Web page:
Ali’s blog

Mostly quant stuff with occasional digressions

Another opinion on the misleading nature of financial engineering

Posted by alifinmath on March 14, 2008

A piece by Edmund Phelps in today’s WSJ:

Our Uncertain Economy

In recent times, most economists have pretended that the economy is essentially predictable and understandable. Economic decision- and policy-making in the private and public sectors, the thinking goes, can be reduced to a science. Today we are seeing consequences of this conceit in the financial industries and central banking. “Financial engineering” and “rule-based” monetary policy, by considering uncertain knowledge to be certain knowledge, are taking us in a hazardous direction.

Predictability was not always the economic fashion. In the 1920s, Frank Knight at the University of Chicago viewed the capitalist economy as shot through with “unmeasurable” risks, which he called “uncertainty.” John Maynard Keynes wrote of the consequences of Knightian uncertainty for rational action.

In the 1970s, though, a new school of neo-neoclassical economists proposed that the market economy, though noisy, was basically predictable. All the risks in the economy, it was claimed, are driven by purely random shocks — like coin throws — subject to known probabilities, and not by innovations whose uncertain effects cannot be predicted.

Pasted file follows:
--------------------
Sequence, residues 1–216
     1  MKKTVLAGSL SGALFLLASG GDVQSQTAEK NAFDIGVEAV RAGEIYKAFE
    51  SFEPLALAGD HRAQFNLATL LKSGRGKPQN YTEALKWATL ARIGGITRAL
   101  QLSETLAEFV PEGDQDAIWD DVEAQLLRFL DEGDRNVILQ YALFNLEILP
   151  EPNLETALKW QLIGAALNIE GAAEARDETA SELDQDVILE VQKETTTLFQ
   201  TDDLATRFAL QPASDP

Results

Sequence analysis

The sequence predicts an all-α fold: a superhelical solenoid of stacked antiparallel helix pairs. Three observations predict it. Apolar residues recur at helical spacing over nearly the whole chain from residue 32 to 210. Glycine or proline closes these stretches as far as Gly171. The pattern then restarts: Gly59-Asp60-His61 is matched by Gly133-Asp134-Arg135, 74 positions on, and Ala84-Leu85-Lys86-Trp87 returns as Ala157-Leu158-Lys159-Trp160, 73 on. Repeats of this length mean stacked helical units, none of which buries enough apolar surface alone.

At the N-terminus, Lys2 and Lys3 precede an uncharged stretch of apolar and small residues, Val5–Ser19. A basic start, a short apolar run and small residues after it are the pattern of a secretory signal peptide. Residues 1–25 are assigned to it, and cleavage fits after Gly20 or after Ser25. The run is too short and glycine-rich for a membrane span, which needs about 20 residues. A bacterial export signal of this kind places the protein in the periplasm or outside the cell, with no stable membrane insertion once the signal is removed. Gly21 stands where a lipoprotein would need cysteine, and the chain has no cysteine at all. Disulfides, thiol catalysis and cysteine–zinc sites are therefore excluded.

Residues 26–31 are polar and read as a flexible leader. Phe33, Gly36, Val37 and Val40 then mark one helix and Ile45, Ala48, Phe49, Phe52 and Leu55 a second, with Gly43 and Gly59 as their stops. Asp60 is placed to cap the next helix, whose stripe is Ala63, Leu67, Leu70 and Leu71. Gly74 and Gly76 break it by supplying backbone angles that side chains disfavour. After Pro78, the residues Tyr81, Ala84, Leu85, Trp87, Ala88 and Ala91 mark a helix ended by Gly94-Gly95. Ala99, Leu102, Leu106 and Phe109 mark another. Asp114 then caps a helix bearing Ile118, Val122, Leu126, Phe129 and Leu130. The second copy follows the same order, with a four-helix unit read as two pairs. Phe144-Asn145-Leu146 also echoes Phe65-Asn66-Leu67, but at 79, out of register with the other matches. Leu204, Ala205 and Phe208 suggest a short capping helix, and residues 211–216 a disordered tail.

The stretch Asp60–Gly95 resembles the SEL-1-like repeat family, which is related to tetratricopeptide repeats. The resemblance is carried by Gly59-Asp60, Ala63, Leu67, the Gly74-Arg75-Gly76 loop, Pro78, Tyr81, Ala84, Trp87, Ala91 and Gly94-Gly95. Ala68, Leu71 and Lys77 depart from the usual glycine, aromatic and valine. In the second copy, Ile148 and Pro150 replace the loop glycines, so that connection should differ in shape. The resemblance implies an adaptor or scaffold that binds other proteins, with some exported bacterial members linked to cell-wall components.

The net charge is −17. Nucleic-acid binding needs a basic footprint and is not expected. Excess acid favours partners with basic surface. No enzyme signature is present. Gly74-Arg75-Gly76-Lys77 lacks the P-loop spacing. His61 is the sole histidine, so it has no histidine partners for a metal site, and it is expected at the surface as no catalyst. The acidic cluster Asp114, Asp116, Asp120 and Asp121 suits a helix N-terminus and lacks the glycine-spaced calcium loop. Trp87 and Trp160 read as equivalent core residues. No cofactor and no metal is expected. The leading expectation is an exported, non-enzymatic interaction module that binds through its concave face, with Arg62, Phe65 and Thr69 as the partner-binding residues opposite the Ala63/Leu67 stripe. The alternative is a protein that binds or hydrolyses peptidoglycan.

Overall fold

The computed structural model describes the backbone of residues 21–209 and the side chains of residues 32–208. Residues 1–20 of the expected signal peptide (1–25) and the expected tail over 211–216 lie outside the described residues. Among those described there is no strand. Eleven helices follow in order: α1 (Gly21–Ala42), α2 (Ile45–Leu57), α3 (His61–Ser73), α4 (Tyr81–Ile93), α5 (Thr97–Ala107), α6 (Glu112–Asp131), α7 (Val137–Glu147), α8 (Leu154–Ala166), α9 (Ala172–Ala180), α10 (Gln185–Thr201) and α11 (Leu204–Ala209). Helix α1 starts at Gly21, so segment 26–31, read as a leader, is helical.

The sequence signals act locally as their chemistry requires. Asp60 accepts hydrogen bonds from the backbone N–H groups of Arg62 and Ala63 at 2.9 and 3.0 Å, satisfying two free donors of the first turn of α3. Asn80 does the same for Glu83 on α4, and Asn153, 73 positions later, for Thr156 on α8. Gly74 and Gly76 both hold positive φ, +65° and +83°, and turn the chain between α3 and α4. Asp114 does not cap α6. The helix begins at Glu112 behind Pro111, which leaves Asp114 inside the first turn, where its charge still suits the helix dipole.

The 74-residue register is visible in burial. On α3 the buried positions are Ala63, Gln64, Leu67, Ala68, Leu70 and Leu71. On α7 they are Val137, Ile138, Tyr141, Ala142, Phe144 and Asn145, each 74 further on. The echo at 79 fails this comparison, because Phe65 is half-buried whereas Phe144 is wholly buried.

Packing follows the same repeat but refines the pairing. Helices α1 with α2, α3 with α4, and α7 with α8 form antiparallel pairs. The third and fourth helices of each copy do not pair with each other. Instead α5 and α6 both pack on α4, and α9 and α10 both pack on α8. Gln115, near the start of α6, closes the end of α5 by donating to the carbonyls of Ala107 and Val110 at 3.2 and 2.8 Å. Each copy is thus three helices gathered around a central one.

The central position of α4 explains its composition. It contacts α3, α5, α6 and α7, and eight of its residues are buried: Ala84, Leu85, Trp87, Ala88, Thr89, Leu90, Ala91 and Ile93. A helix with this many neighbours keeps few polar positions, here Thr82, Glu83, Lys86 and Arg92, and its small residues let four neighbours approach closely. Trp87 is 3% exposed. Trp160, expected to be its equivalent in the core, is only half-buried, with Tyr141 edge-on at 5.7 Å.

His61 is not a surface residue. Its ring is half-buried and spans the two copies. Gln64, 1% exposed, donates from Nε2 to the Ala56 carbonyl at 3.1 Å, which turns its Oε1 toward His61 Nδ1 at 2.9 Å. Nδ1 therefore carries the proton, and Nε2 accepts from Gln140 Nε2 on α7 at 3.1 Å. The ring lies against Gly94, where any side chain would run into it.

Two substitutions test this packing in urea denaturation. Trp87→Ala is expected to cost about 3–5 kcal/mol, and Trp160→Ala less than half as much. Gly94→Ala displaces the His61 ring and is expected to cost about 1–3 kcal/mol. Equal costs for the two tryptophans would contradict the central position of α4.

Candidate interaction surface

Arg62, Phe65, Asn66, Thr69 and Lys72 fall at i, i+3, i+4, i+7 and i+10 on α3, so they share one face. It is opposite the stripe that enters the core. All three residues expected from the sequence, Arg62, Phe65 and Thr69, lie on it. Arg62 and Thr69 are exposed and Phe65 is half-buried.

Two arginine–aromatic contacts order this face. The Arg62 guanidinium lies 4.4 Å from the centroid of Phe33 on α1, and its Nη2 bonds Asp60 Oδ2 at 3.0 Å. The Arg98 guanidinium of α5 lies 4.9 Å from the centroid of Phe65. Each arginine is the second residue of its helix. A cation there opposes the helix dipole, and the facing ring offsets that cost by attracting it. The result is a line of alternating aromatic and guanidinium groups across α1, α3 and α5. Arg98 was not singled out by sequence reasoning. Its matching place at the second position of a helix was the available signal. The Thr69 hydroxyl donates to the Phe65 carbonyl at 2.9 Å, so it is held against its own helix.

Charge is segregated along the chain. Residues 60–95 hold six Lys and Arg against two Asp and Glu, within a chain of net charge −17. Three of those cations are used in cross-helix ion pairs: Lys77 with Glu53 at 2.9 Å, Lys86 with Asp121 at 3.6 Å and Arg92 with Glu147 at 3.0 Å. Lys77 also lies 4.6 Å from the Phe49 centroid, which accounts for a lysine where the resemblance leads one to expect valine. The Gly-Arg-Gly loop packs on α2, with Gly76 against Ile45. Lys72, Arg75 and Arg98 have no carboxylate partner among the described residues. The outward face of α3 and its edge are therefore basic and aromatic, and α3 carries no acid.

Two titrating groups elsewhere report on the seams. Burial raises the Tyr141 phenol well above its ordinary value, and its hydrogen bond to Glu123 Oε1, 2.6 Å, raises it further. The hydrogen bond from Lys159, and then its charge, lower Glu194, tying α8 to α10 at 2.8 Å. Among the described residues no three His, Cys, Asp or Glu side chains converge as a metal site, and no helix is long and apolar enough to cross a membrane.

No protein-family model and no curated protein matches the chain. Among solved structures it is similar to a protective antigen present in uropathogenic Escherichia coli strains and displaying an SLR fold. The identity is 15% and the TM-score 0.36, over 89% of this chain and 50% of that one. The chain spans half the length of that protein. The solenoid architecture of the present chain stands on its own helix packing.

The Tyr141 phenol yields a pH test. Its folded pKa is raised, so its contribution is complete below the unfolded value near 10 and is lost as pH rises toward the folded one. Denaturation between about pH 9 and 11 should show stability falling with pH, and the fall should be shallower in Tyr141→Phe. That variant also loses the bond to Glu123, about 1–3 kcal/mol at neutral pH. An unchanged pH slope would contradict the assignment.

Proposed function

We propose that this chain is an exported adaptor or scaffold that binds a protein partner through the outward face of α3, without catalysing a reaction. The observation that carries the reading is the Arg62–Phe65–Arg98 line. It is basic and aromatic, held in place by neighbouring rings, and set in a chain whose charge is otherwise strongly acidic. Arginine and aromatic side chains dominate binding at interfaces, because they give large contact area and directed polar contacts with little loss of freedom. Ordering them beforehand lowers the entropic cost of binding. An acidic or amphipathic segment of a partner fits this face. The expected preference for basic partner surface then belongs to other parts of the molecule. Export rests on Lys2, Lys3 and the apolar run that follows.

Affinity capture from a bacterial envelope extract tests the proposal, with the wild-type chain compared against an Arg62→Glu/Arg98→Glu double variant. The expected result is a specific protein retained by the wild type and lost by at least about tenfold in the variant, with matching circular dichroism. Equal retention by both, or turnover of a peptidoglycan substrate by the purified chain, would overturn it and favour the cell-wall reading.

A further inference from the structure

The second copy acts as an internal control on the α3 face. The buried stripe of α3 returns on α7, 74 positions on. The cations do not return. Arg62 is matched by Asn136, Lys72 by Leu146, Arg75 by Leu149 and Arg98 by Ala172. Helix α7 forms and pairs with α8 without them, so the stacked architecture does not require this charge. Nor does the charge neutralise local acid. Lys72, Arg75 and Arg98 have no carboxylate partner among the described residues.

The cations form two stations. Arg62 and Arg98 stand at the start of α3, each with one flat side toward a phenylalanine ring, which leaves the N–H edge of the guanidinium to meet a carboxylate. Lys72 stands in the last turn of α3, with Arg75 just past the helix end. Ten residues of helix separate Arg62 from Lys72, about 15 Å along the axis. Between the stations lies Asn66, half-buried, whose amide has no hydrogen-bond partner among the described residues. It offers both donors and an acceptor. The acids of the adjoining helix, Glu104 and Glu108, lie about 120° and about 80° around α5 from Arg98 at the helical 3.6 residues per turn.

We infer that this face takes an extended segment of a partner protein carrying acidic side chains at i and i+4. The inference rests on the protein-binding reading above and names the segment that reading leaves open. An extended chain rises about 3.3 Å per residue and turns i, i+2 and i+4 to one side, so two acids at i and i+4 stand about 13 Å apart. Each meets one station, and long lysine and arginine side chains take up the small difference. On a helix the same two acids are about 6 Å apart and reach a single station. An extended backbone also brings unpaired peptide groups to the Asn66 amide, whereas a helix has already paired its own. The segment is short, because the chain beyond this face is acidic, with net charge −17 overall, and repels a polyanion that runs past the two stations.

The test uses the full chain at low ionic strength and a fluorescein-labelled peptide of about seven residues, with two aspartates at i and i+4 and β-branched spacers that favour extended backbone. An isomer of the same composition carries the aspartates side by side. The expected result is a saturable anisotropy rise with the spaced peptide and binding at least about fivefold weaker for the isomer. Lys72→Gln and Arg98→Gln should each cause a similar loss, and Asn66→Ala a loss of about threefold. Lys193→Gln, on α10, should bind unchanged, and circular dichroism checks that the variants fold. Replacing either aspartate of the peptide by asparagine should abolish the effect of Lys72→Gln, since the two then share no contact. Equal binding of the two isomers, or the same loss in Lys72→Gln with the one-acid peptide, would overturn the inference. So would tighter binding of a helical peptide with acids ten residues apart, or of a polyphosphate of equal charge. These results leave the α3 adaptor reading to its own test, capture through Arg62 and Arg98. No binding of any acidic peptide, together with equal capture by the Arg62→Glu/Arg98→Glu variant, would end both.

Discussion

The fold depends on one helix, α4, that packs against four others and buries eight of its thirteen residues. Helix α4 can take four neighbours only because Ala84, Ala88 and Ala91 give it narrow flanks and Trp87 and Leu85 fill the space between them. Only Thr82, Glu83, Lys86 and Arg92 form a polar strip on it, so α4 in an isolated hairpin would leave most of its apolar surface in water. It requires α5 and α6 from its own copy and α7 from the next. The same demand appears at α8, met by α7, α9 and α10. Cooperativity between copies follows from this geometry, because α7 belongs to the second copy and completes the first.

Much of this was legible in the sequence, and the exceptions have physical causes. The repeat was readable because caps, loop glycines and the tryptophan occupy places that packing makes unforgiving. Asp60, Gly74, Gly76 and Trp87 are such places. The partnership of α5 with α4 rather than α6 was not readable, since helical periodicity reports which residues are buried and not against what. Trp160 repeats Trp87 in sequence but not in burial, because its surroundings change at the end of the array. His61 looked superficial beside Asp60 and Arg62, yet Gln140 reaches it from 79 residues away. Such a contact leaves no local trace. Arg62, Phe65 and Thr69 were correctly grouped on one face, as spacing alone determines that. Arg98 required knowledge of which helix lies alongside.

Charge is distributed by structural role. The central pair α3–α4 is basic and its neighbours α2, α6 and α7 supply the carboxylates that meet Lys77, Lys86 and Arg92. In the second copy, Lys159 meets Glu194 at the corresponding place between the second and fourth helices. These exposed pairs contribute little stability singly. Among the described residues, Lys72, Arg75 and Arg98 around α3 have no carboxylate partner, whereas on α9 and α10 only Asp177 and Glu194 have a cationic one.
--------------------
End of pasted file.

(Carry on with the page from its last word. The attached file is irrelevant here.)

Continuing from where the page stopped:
This model took hold in American economics and soon practitioners sought to apply it. Quantitative finance theory became a tool relied on by most banks and hedge funds. Policy rules based on this model were adopted at the Federal Reserve and other central banks.

The neo-neoclassicals claimed big benefits from these changes. They boasted that their statistical approach to risk made the financial sector much more effective in matching lenders with borrowers, with vast savings in labor and increases in profits. They asserted a decline in “volatility” in the U.S. economy and credited it to the monetary policy rules at the Fed.

Current experience is putting these claims to the test.

Subprime lending and the securitization of debt was an innovation that, it was believed, offered the prospect of increasing homeownership. But “risk management” was out of its depth here: It had no past data from which to estimate needed valuations on the novel assets, it did not allow for possible macroeconomic dynamics, and it took inadequate account of the system effects of unknown numbers of entrants into the new business all at nearly the same.

In passing, I want to mention that in the calculation of risks, the idea of “probability” becomes a complex and difficult one, particularly when 1) data is limited, and 2) we can’t generate data (e.g., by tossing a coin). In foundations and interpretations, the science of probability remains a controversial one. Axiomatisation by Kolmogorov hasn’t changed the nature of the controversies. But I’m tired of typing and I’ll have to discuss this in some subsequent post, in particular mentioning the books, Plight of the Fortune Tellers, by Rebonato, and Creating Modern Probability, by von Plato.




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